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Blues, Blues Christmas 1925 - 1955
Double album with full colour 20 page booklet by Jeff Harris.
The idea of Christmas themed blues and gospel numbers stretches back to the very dawn of the recorded genres. “Hooray for Christmas” exclaims Bessie Smith to kick off her soon to be classic “At The Christmas Ball”, which inaugurated the Christmas blues tradition when it was recorded in November 1925 for Columbia. A year later, circa December 1926, the gospel Christmas tradition was launched when the Elkins-Payne Jubilee Singers recorded “Silent Night, Holy Night” for Paramount Records. After these recordings it was off to the races with numerous Christmas blues numbers recorded by singers of all stripes, a pace that continued as blues evolved into R&B and then rock and roll. Continued...
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Charley Jordan Vol 3 1935 - 1937
Charley Jordan: vocal, guitar.
With contributions by; Peetie Wheatstraw, piano; Verdi Lee, vocal; Charlie Manson, guitar; Leroy Henderson, vocal; Casey Bill Weldon, slide guitar.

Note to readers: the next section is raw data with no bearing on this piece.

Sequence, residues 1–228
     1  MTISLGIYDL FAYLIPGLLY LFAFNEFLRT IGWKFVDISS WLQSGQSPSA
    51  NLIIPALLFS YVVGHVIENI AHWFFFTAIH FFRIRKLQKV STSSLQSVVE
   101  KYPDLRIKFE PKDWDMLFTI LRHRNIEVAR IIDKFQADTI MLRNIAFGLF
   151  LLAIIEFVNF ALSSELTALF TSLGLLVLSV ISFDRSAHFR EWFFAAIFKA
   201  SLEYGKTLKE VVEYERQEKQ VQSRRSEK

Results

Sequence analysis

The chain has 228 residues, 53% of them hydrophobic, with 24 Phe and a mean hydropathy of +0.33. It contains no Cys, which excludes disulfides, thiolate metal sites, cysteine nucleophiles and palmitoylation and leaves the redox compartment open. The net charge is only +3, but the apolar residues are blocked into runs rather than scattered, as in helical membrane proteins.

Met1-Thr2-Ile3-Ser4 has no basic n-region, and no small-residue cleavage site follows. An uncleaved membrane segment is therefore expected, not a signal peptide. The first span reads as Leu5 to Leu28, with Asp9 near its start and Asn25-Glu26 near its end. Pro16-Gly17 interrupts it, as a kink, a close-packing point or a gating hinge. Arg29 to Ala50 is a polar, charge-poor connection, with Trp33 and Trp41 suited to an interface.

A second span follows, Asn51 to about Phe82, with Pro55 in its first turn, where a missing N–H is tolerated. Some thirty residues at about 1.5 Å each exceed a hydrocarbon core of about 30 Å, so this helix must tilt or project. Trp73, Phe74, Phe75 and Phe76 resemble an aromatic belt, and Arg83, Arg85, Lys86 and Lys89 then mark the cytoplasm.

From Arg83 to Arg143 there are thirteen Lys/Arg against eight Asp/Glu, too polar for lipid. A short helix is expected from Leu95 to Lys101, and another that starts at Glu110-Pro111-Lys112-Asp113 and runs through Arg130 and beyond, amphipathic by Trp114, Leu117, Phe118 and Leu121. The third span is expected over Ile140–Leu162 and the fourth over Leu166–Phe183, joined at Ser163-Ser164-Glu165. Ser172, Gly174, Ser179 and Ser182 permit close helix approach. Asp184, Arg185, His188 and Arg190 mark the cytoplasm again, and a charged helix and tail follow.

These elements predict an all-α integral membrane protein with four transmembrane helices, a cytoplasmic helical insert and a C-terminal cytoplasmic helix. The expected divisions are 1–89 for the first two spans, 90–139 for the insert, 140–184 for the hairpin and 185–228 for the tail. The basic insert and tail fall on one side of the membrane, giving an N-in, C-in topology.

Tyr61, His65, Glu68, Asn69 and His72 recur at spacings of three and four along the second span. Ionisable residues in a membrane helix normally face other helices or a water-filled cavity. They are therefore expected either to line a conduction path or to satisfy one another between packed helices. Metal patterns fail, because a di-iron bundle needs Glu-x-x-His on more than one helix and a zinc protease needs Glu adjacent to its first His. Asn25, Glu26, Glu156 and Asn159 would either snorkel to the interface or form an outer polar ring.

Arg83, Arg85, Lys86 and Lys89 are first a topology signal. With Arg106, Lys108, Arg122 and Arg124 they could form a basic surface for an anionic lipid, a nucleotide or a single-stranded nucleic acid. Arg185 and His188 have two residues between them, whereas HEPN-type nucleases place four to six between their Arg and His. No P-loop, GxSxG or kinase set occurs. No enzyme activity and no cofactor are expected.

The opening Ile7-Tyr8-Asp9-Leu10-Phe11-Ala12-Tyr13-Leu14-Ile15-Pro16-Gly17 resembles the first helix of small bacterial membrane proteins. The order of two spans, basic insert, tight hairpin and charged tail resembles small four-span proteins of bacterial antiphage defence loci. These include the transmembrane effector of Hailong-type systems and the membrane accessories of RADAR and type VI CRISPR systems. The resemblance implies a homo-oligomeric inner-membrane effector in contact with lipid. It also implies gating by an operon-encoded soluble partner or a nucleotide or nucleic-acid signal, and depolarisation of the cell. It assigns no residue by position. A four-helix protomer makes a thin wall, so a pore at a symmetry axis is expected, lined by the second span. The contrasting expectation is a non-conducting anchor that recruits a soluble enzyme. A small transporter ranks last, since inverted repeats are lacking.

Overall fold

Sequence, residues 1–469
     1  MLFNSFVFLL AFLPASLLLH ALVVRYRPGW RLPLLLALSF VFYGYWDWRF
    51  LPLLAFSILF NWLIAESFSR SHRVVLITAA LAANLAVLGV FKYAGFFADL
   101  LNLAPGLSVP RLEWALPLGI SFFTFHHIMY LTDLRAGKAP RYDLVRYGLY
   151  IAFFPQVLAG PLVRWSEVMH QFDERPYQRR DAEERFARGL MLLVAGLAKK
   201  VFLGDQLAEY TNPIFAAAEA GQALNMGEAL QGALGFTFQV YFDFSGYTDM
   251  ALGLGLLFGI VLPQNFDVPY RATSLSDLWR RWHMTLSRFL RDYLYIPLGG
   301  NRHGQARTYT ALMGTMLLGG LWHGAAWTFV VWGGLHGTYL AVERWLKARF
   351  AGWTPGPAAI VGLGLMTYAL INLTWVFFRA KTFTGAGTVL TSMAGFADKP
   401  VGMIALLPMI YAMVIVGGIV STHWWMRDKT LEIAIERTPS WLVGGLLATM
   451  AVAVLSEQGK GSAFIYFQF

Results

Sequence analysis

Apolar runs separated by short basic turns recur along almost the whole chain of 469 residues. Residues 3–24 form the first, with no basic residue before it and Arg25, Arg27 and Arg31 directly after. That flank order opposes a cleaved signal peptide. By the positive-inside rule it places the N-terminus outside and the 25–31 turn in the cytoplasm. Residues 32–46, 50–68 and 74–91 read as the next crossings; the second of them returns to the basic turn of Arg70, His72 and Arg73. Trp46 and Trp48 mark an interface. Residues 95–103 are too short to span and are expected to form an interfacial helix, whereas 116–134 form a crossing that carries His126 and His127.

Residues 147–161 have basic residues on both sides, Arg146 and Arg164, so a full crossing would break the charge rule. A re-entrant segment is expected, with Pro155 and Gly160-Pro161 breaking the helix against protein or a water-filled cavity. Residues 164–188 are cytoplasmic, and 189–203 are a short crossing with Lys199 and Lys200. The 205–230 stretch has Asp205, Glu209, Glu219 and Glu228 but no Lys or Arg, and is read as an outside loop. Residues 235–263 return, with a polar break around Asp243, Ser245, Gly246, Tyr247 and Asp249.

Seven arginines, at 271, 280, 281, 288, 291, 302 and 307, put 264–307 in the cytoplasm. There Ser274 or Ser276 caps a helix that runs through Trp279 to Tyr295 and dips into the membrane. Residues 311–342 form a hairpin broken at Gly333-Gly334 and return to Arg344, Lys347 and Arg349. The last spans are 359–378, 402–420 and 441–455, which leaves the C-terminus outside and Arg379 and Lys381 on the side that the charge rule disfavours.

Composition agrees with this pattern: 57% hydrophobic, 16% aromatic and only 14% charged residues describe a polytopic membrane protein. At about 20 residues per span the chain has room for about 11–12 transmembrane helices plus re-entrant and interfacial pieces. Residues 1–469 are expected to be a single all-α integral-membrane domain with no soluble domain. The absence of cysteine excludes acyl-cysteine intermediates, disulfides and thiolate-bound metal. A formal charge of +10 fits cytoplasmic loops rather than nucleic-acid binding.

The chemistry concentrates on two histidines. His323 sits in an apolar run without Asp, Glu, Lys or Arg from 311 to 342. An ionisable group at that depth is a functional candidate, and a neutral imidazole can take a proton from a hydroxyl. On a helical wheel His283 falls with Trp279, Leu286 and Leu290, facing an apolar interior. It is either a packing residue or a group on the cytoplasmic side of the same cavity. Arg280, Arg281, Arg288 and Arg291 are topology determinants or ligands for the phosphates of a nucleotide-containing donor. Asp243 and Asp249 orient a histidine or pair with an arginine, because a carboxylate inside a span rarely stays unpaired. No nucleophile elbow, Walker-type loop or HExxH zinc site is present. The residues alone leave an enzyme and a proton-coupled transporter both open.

Genres: Country Blues, St Louis Blues, Country Blues Guitar. Blues Piano.
Informative notes by Chris Smith.
Charley Jordan was not the strongest of blues singers but his voice is not off-putting, in fact it has quite an unusual characteristic which one easily brings to mind when one returns to any of his records. The strengths of his recordings are in his guitar playing and his song writing. Steffan Grossman wrote; "The often whimsical songs recorded belie the violent world that he apparently lived". He was shot in 1928 during his bootlegging activities leaving him with a bullet lodged in his spine and having to use crutches.
There's a wry, gentle humour in Jordan's songs, a child-like delight in playing with words and imagery. His melodies, too, often evince a naive charm. Jordan's guitar picking masterfully combines an airy delicacy with punchy dynamics he may have gathered from such Mississippians as Big Joe Williams. Paul Oliver has praised Jordan's "uncorrupted country style of blues guitar with an effortless, light technique". Chris Smith observes in Jordan "an extraordinary sense of rhythm. The steady pulse that underlies his playing and singing is often a long way removed from the accenting of the guitar part."
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